In terms of raw numbers, the 2020 city council passed 12 more ordinances in their first six months than the 2024 city council. Furthermore, the 2020 council didn’t have a long time on their training wheels before they had to react to the COVID-19 public health crisis and the racial reckoning brought on by the murder of George Floyd. By this time in 2020, the previous council had overturned racist, classist anti-loitering laws and barred cops from covering their badges. They made quick work of temporarily increasing worker protections, small business aid, and tenant rights in response to the COVID-19 emergency. They also passed campaign finance reforms, first-in-the-nation eviction protections, and the JumpStart payroll tax, which has saved the City from financial ruin in every budget negotiation since its unanimous passage. 

Council President Sara Nelson did not respond to my request for comment about why her council has taken so long to find its footing. 

But Nelson had anticipated a steep learning curve in her remarks at the council’s swearing-in. The 2020 city council boasted 20 years of experience between its nine members, not including time that many of them spent working in council offices. By contrast, the new council has 10 years of experience in office and elected Nelson, who’d served just two years in office, to be their council president. With such little experience, rather than lawmaking, the new council spent several months hearing presentations from central staff about the basics of municipal governing.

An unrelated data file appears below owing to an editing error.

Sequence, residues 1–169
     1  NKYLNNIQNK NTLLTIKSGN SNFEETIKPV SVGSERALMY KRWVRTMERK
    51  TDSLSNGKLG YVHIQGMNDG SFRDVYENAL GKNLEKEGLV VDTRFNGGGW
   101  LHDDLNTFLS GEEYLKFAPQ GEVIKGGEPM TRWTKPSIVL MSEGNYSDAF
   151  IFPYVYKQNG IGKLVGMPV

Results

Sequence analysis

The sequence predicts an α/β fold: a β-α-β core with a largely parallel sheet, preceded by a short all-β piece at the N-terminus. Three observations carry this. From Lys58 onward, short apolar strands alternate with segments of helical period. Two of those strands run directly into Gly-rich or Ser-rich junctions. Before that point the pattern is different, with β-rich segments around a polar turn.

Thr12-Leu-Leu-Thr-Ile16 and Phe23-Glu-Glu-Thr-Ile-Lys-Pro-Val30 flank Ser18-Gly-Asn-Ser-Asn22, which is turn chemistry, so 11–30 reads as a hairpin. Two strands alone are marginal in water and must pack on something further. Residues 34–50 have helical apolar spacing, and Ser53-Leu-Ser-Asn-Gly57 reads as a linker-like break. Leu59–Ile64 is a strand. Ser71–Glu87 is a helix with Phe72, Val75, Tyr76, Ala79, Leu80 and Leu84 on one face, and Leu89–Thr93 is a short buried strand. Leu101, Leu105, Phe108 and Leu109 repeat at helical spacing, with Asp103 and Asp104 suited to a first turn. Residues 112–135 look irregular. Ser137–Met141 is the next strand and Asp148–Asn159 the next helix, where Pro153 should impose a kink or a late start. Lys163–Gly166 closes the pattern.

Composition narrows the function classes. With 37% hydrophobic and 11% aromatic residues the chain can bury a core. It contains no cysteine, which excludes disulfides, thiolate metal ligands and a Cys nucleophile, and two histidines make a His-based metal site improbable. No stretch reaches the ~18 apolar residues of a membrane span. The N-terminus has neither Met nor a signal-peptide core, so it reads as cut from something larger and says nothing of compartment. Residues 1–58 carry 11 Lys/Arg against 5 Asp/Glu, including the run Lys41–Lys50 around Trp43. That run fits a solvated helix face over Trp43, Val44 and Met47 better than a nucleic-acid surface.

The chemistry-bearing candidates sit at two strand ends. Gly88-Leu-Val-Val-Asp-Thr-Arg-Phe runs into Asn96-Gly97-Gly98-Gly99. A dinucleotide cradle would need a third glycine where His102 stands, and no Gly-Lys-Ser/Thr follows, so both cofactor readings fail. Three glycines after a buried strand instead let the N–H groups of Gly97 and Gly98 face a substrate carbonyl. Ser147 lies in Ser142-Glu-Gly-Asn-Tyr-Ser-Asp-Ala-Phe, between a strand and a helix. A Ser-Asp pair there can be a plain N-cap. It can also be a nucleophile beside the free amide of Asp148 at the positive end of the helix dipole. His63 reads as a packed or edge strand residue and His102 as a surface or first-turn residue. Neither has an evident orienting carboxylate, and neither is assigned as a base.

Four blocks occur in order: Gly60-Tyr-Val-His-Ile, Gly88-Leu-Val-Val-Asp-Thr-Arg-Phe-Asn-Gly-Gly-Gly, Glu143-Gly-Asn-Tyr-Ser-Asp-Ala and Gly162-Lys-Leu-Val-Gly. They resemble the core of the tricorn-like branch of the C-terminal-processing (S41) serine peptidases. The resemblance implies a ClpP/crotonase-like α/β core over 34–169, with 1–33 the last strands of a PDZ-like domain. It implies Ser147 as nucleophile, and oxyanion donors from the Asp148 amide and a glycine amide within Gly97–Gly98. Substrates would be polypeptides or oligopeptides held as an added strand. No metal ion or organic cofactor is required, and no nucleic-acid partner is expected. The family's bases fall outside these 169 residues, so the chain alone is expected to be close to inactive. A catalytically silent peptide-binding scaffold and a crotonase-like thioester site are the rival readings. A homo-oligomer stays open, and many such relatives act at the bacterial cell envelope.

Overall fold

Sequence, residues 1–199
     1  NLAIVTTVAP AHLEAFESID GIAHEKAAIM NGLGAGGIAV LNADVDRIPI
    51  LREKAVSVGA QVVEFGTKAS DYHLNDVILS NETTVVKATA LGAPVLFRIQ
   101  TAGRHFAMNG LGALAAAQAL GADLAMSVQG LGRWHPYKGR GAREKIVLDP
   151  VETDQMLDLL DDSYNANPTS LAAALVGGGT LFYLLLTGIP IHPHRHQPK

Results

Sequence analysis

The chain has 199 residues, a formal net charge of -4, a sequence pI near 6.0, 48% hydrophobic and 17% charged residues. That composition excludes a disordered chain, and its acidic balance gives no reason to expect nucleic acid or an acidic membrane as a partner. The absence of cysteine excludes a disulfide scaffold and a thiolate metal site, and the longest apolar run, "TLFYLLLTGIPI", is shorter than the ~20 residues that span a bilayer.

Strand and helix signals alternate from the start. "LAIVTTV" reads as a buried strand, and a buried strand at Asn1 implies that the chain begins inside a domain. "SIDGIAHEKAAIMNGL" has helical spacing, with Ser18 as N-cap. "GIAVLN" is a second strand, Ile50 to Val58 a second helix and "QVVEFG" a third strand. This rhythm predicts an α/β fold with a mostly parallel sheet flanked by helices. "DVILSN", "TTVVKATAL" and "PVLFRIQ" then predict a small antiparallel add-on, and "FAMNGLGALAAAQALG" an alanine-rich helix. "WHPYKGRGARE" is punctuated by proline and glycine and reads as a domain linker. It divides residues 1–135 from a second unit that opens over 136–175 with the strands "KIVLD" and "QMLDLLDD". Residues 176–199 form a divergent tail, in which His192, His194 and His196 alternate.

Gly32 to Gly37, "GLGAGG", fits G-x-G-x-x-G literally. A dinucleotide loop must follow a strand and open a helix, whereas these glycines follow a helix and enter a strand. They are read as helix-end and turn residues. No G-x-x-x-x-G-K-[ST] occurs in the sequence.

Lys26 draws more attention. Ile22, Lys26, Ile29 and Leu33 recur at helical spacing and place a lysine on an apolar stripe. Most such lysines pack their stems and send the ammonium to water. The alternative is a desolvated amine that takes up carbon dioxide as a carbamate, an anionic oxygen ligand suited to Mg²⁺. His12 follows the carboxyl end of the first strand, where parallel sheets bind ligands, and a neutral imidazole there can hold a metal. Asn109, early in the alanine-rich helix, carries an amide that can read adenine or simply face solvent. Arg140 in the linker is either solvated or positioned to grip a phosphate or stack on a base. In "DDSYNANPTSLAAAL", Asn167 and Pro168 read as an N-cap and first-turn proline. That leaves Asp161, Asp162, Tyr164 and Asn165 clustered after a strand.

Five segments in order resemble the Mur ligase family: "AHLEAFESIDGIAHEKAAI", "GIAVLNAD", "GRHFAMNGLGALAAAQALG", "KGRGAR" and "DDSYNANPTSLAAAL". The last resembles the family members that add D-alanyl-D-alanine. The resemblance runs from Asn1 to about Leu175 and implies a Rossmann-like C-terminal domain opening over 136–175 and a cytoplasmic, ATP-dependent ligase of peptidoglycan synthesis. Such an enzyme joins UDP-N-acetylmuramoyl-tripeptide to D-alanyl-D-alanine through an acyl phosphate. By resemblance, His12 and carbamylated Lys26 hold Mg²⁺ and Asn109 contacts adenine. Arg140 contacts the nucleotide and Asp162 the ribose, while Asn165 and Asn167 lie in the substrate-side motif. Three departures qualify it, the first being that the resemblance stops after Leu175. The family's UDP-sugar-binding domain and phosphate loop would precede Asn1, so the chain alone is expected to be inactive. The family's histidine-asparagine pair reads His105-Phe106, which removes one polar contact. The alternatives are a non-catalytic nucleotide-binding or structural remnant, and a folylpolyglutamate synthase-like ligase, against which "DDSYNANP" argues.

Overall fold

One could argue that the council has less power to enact new policy because of the quarter-billion-dollar budget deficit projected in 2025. They can’t actually pay for new programs because the City can’t even pay for existing ones. The council will not discuss new revenue streams until the budget negotiations this fall, and the council does not have a clear pro-taxation majority. However, the council can enact policy changes—new tenant protections, zoning reforms, etcetera—at no cost. 

But not everyone shares this criticism. For many council members, their true constituency is big business, real estate, and the other conservative forces that paid for their seats.